Tips to Help You Remove, Replace & Repair Your Asphalt Driveway

An old cracked and hole-filled asphalt driveway can bring down the value of your home and make your home look unattractive. It is important to make repairs to your asphalt driveway and replace it when necessary. Here is information to help you remove and replace your asphalt driveway, what steps you or a professional asphalt company need to take to replace the driveway, and how to care for and repair your new asphalt.

Removing Your Old Asphalt Driveway

It is recommended to replace your asphalt driveway when between 55 and 60 percent of your driveway has signs of failure. Asphalt failure occurs when there are wide or a spiderweb pattern of cracks, potholes, and sinkholes in your asphalt. Because this type of damaged asphalt does not provide a solid foundation for a new layer of asphalt, you will need to have it demolished, removed, and replaced. 

The average cost of demolition, removal, and replacement averages between $2.50 and $5.00 per square foot. Then, depending on the size of your asphalt driveway, if your driveway is a large-sized area, the asphalt contractor may give you a discount on the work. 

You can do the demolition and removal of your driveway if you want to save on some of the costs. You may need to rent a jackhammer to break up large pieces of asphalt and a Bobcat to remove the old asphalt. Then, you will need to have the asphalt hauled away for disposal. Fortunately, asphalt is recyclable, so disposing of the asphalt may be free or cost up to $30 a truck load. Check your local area for any recycling companies that may dispose of your old asphalt for you.

Laying the New Asphalt

Once you have removed the old asphalt and smoothed the soil on the driveway location, you or your asphalt contract will need to prepare a strong base for the asphalt. First, look at the type of soil that is covering the driveway's site. If the soil has a clay content, you need an eight-inch base layer of crushed gravel. If the soil in the site is well-drained and sandy, you will only need four inches of gravel as a base layer. Once compacted, the jagged edges of the crushed gravel will "lock" together, creating a solid layer.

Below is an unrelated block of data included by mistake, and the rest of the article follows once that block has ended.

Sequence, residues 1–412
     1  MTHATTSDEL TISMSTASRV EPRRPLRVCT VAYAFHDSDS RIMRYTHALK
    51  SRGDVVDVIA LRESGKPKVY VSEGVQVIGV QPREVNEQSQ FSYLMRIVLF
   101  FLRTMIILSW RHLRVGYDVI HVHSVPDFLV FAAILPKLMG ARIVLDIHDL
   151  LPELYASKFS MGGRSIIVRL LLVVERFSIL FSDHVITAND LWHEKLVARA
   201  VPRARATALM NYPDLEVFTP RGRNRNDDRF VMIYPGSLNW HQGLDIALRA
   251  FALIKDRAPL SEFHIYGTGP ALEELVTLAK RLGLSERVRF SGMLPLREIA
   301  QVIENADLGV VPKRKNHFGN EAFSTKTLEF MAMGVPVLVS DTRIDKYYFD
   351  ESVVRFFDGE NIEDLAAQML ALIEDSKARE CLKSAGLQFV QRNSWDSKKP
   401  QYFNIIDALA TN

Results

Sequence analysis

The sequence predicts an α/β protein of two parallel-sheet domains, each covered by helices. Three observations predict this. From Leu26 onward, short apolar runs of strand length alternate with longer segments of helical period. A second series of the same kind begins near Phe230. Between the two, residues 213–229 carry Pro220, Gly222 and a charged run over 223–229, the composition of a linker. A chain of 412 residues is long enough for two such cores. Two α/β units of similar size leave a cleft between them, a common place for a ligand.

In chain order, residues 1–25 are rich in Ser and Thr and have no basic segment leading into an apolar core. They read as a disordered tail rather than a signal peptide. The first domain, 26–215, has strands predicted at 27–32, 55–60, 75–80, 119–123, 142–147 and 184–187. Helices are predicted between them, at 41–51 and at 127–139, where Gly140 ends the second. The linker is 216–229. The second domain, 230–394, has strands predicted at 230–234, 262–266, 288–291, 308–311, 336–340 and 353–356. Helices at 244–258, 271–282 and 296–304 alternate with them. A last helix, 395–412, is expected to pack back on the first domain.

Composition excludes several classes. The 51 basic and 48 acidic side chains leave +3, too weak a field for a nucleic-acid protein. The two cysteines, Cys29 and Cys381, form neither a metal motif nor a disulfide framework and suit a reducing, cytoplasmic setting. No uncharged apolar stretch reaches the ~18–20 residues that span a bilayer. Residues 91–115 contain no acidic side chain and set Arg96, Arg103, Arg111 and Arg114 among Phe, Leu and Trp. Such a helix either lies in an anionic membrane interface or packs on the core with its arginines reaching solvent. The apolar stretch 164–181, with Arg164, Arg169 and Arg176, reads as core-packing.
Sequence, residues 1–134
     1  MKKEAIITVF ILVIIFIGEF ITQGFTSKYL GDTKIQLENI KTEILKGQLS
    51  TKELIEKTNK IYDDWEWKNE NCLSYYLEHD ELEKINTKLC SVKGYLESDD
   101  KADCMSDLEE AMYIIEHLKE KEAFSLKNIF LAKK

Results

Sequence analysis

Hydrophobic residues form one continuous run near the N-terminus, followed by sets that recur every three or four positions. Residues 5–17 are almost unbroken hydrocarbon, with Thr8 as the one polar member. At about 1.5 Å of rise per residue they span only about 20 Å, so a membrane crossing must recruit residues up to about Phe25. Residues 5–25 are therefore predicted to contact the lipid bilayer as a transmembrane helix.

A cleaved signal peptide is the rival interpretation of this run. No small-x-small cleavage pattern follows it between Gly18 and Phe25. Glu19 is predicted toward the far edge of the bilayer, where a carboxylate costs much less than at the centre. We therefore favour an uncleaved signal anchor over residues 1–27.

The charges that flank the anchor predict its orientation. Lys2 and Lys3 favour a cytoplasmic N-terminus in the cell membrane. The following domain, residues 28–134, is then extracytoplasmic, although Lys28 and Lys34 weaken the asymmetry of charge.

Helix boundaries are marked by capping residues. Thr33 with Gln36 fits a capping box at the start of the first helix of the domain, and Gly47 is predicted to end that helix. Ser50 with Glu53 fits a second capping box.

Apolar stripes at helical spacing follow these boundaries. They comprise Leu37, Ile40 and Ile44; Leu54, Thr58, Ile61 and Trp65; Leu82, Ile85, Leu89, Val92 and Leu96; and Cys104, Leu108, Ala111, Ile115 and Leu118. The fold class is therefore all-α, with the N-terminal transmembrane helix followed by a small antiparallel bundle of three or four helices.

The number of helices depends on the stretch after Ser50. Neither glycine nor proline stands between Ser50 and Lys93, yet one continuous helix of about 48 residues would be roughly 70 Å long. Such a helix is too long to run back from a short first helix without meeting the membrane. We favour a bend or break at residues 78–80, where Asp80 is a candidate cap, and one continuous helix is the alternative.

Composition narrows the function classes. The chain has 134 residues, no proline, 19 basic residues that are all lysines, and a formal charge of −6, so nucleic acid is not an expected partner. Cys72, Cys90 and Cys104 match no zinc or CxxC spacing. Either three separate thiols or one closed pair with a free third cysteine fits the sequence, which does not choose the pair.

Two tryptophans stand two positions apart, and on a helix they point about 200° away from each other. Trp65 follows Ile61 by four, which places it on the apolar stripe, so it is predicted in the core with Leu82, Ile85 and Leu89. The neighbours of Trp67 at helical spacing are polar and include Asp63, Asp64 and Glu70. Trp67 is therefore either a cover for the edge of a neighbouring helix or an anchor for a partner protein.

It can be helpful to install a layer of geotextile fabric below the gravel layer with sandy soils to help with drainage. Silt from the sandy soil can work its way up into the gravel and loosen the compaction of the gravel's jagged edges, allowing the gravel to be less stable. This layer of geotextile fabric keeps the silt out of the gravel layer.

The asphalt layer over the gravel should be two to three inches thick. If your driveway will be used mostly for lighter-weighted vehicles, it should be installed in two layers. The bottom two inches of asphalt should be mixed with a coarser and larger-sized aggregate of up to 3/4-inches. Then, the top one-inch layer should be mixed from a finer aggregate of 1/2-inch and smaller gravel. Compact each layer down with a one to three-ton compacting roller to make a strong and durable surface on your driveway.

Make sure the edges of your asphalt driveway are sloped, then tamped down at a 45-degree angle with a hand tamp. This will prevent the edges of the asphalt from crumbling away.

Maintaining Your Asphalt Driveway

After your asphalt driveway has been replaced by a professional asphalt contractor or by yourself, you need to maintain it each year to keep it lasting as long as possible. It is recommended to reseal the asphalt every two years. Then, if any cracks form in the asphalt's surface, patch them with a mixture of sand and asphalt sealer. Make sure the temperature outside is at least 60 degrees F while you do these repairs so the patches will set properly. 

If any weeds begin to grow along the edge of your asphalt, or through surface cracks, spray them with weed killer. Then, remove any dead weeds before applying asphalt patching materials.

This information can help you with replacing and repairing your asphalt driveway. For more information, visit resources like

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Exploring Drywall Mudding Tools and Practices

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